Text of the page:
|Still drinking out of a |
Not long after arriving in Ecuador Teddy and I were up late (after 9pm) talking. He related some bonehead thing he did that could just as easily have been anyone's bonehead move. Then he smiled and shook his head, saying "Typical Teddy." Then after a short pause and with the residue of the smile still left on his face and his eyes now looking off into some photo album in his brain, he says, "I gotta make typical Teddy mean something else."
Now, I only pick particularly on Teddy because typical Teddy is such a great line (and he's a pretty hard target to miss), because many of us could say the same thing (or should).
We all work to improve ourselves, I think. It's why I love getting old (besides hoping that one day I'll finally look my age, or at least old enough to drink); if you're honestly working to improve yourself, every year is better than the last. One of the greatest barriers to self improvement…no, wait, the only barrier…is ourselves. We tend to rationalize, deflect, and excuse our way out of taking responsibility for ourselves and our failures. There are many things in life we can blame our little failures on: work got in the way; the kid got sick; it's really cold outside; the dog ate my homework.
But most of those things we shift blame to are just the thing of everyday life. And if we don't take life into account, our lives will ultimately be only stories of why not.
Or so we have found out on this sabbatical. We have stripped away not just our regular jobs, but many other commitments, responsibilities, and time-consuming opportunities. We no longer serve on boards and committees in our community. We don't have many social functions to attend. We don't have lots of friends or family nearby whom we haven't seen in a while and need to spend time with. We have, in short, nothing but ourselves and the day in front of us. Awesome, right?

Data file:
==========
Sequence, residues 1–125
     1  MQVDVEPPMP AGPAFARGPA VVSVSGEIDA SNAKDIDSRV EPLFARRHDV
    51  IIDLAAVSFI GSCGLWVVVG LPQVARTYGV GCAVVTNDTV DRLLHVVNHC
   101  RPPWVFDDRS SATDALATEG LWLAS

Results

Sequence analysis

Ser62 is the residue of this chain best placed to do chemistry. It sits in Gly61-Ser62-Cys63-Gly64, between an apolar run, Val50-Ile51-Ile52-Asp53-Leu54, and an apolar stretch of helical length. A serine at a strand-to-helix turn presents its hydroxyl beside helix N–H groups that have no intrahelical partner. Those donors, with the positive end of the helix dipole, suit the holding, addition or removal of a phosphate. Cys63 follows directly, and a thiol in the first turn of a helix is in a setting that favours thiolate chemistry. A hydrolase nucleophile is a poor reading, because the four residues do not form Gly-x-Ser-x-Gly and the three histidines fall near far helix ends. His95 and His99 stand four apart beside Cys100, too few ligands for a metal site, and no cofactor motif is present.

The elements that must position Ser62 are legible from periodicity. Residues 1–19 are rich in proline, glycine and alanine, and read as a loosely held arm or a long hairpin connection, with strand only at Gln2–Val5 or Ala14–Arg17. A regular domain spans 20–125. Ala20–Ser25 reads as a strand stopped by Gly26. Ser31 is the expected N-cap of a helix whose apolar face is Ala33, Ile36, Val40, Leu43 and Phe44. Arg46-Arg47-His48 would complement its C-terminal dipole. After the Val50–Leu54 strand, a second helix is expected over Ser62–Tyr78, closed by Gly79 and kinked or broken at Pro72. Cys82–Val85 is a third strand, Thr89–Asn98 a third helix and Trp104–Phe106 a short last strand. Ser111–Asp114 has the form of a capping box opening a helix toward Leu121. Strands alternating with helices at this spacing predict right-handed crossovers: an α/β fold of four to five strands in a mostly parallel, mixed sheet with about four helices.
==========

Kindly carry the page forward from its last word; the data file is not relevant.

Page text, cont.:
Well, I don't know about you, but I'm afraid I look better with clothes on. And it's kinda like that. Without all those obligations and opportunities that create the structure of our lives and tell us and others who we are, we are stripped down to the raw us, and some of what we find ain't all that pretty. But unless you honestly know where you're starting, it will take longer to get where you want to go.
Still, unless you are looking at your naked self and seeing what you want to be rather what you don't like, you'll end up trying to fix what's wrong, rather than trying to create what's right. And that may be the greatest lesson we've learned here; be ready to look in the mirror, but don't waste time lamenting what you see. Get busy making typical Teddy mean something else.